The following examples will serve to illustrate the present invention without being deemed limitative thereof. Amounts, proportions and parts described in these examples are by weight unless otherwise indicated.

EXAMPLE I 2000 parts of glyceryl tristearate are melted in a suitable vessel and thereafter poured over Mazzoni pilot 3-roll mill through which water at water at room temperature is circulating. The solidified ester is scraped off the mill, then put into a granulator, then to a vibrating sieve to yield product of from 40 to 60 mesh (250 to 420 microns).

EXAMPLE 2 Example I is repeated except that the particles are sieved to yield product of from 420 to 840 microns, using 20 to 40 mesh screening.

EXAMPLE 3 Examples 1 and 2 are repeated using the following esters:

A. Glyceryl distearate B. Glyceryl tripalmitate C. Glyceryl trilaurate D. Glyceryl tri-docosylate E. Glycol distearate EXAMPLE 4 Examples l to 3 are repeated except that in each instance the following coloring materials are added to the liquefied ester:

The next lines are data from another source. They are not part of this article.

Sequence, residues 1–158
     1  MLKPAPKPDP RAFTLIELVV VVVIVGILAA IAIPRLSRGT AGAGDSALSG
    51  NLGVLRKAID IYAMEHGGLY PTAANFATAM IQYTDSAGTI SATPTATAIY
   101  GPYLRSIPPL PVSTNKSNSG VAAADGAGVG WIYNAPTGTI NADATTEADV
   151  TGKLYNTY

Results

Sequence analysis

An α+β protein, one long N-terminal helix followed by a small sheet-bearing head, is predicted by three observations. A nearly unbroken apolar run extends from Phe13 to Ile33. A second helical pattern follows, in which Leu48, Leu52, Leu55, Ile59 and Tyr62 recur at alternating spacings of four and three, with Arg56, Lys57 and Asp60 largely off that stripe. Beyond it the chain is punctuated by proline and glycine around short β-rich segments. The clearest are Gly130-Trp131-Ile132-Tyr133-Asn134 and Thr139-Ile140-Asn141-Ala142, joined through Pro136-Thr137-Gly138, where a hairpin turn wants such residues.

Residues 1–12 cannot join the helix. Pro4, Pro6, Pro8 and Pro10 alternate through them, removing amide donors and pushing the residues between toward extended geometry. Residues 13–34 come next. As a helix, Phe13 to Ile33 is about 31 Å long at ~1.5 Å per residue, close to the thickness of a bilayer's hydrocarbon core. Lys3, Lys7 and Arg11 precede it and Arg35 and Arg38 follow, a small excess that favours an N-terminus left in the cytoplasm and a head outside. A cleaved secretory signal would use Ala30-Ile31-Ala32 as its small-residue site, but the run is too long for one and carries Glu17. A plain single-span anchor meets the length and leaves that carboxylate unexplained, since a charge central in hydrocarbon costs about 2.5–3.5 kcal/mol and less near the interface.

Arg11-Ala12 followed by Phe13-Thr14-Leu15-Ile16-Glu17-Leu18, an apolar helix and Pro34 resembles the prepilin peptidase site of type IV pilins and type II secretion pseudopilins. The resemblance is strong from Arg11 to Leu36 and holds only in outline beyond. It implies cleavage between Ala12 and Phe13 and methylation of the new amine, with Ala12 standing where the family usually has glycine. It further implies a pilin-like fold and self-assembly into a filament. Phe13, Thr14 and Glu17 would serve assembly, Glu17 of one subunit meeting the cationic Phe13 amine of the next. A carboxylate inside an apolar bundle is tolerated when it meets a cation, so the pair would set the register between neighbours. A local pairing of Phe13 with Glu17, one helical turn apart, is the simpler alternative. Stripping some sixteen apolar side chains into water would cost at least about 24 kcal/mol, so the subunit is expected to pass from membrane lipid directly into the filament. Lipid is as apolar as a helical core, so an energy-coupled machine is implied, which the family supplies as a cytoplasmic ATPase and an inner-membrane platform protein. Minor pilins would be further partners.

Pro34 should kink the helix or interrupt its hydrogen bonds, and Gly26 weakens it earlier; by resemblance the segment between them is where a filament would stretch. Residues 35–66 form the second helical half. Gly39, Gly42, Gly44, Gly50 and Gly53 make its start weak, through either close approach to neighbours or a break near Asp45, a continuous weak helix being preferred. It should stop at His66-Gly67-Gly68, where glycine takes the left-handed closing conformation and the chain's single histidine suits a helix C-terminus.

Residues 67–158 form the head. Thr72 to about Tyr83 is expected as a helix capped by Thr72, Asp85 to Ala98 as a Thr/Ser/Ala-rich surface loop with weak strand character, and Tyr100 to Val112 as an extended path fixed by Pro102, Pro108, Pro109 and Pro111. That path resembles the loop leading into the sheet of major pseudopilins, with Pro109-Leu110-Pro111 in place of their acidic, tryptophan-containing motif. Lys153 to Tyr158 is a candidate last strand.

5 6 a. 0.5% Pigment Red 5 b. 1.0% Pigment Red 5 EXAMPLE 9 c. 2.0% Pigment Red 5 Example 8 is repeated except the speckles are glycd 1 Azulene eryl tristearate containing 0.5% pigment CI. 75130 25% Azukne and Zirconium silicate (Example 5(M)). f. 0.3% CI. 75120 EXAMPLE 10 g. 0.6% 0.1. 758l0 11. 0.1% c.1. 75470 1. 0.8% or 19140 j. 0.5% 0.1. 75130 k. 0.3% c.1. 69800 Examples 6 and 7 are again repeated except that the red speckles are based on the following: